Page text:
Figure 1. MiR-135a inhibits human NSCLC cell proliferation and invasion in vitro. (A) Real-time PCR was conducted to quantify the endogenous expression of miR-135a in different NSCLC cells. Assays were performed in triplicate, and expression of U6 was used as a normalization control. (B) The effects of miR-135a mimics transfection on A549 and H1299 cells were measured. (C) Assessment of the clonogenic potential of miR-135a-transfected A549 and H1299 cells. The colony forming efficiency of miR-135a mimics-transfected cells was less than that of control cells. (D) The effects of miR-135a mimics on A549 and H1299 cell proliferation were measured by the CCK-8 assay. (E) The invasion assay showed that invasive cells in the miR-135a mimics group were significantly less than those in the control group. Data are expressed as the mean ± sd. * p < 0.05; ** p < 0.01; *** p < 0.001.

MiR-135a inhibits lung cancer cell proliferation and invasion in vitro

Lung adenocarcinoma cell lines A549 and H1299 were selected due to the low expression of miR-135a for the analysis of effects of miR-135a induction. MiR-135a mimics were used to induce miR-135a expression, and successful overexpression of miR-135a in A549 and H1299 was confirmed by qRT-PCR (Figure 1B). To study the role of miR-135a in tumor cell growth, clone formation and CCK-8 assays were performed. As shown in Figure 1C, there were fewer clones in the miR-135a mimics group than that in the control A549 and H1299 cells. Consistent with these findings, marked suppression of cell viability in the miR-135a mimics group at the 2nd, 3rd, and 4th day was observed by the CCK-8 assay (Figure 1D).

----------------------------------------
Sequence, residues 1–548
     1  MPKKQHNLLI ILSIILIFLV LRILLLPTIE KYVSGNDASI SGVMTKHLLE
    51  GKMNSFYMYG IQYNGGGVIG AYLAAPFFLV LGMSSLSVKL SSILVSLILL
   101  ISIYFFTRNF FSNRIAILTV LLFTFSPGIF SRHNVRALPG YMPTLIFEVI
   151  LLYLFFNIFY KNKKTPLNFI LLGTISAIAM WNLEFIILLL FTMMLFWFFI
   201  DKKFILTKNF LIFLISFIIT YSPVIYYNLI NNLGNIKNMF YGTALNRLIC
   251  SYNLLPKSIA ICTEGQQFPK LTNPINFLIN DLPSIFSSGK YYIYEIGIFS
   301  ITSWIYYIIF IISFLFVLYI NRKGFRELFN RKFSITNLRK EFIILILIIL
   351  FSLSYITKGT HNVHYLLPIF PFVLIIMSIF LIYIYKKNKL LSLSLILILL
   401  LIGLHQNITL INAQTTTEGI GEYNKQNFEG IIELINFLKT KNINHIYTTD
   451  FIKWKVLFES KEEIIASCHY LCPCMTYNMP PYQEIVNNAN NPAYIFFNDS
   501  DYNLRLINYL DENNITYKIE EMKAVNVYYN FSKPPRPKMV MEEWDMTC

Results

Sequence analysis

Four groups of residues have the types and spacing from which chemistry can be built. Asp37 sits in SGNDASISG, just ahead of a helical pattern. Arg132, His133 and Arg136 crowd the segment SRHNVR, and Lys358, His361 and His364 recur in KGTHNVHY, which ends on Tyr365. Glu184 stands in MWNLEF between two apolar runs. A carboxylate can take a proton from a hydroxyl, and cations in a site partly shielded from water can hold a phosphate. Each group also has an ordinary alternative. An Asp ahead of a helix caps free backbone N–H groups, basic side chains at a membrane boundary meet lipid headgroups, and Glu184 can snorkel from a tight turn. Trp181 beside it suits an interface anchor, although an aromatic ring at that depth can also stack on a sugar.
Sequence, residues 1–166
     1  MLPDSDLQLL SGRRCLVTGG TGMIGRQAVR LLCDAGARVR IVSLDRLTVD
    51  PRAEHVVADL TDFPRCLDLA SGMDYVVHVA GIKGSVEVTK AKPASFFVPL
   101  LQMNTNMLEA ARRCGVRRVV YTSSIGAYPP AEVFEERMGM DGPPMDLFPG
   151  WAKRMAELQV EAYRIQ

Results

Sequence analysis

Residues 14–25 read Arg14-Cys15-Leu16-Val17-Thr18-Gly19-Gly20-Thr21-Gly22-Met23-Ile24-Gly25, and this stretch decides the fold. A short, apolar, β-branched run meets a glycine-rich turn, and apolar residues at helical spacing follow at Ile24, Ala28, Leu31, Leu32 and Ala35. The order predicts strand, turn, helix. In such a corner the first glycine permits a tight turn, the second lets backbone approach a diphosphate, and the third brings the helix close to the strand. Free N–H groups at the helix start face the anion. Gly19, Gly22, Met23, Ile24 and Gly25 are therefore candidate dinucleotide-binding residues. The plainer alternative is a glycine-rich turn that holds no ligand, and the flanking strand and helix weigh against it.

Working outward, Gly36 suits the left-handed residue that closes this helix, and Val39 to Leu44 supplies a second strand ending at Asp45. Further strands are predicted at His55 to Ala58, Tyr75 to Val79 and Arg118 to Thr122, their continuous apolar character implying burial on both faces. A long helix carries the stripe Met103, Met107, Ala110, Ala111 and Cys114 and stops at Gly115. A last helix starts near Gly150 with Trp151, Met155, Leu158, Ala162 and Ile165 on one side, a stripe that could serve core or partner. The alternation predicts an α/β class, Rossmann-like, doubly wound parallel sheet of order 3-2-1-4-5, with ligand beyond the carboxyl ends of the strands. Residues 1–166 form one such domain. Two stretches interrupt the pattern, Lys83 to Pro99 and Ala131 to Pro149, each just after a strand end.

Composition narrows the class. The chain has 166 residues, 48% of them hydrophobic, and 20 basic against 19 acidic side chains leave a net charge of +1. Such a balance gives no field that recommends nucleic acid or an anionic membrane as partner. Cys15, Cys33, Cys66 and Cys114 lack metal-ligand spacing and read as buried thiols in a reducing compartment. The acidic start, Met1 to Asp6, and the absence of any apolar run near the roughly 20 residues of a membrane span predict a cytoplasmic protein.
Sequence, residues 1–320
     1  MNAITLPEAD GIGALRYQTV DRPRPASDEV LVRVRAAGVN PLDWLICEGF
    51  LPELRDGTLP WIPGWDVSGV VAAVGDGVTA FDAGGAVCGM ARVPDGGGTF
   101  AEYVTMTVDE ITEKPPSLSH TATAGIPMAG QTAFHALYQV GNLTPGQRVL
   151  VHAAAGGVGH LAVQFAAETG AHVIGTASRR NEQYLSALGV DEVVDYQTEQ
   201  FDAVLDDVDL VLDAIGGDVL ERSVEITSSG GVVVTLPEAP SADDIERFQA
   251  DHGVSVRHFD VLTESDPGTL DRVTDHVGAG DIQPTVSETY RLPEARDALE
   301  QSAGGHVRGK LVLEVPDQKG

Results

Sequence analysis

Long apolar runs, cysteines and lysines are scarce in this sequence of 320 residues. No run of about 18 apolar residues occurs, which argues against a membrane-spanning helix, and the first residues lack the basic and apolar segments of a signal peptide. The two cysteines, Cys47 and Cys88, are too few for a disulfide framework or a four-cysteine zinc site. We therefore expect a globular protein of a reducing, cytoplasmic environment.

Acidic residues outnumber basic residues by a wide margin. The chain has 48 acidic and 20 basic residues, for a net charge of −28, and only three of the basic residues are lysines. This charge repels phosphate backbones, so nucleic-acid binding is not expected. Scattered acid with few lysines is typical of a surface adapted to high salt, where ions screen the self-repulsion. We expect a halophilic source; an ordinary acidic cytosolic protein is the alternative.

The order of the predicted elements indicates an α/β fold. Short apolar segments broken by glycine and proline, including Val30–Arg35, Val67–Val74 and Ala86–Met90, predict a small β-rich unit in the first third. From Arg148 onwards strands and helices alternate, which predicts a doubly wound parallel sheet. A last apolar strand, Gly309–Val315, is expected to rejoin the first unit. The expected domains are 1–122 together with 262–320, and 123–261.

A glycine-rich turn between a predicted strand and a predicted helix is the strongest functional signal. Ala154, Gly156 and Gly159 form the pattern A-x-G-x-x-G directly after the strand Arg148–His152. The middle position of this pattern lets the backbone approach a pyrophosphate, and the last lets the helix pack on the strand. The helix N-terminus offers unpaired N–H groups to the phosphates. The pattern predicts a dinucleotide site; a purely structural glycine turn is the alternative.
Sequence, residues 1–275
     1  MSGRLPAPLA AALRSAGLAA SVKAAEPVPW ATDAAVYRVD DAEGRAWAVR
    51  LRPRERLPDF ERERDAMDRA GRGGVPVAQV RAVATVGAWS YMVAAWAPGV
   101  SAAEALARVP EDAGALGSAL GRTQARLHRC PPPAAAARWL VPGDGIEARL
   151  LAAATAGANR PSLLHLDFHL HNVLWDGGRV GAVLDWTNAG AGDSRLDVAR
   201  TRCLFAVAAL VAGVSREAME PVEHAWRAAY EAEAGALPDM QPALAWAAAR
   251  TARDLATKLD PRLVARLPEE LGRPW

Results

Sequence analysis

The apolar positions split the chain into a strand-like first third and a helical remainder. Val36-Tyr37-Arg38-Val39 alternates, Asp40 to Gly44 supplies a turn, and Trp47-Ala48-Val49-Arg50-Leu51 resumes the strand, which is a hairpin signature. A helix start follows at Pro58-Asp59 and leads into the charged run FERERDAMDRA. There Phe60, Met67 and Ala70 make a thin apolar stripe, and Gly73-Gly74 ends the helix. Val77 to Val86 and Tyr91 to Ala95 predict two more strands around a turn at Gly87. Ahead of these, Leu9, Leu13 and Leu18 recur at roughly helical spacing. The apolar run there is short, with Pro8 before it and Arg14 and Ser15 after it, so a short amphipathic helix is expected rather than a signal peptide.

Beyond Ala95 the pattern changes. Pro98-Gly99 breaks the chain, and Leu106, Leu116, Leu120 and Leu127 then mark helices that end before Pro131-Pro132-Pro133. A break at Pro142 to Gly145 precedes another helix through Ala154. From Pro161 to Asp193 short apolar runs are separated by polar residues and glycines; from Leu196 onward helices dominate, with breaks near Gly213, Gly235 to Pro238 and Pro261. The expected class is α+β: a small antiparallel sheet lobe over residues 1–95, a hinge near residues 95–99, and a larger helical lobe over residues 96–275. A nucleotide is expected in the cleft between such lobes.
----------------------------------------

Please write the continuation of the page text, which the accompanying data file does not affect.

Cell invasion is a significant factor contributing to cancer progression and metastasis. It involves the migration of tumor cells into contiguous tissues and the degradation of extracellular matrix proteins. We further conducted cell invasion Matrigel assays to measure the directional invasion ability of the tumor cells after ectopic expression of miR-135a in A549 and H1299 cells. The invasiveness of the cells transfected with the miR-135a mimics was dramatically decreased compared with the control cells (Figure 1E). Taken together, our findings supported the idea that the ectopic expression of miR-135a significantly inhibited the proliferation, invasion and metastasis of NSCLC cells in vitro.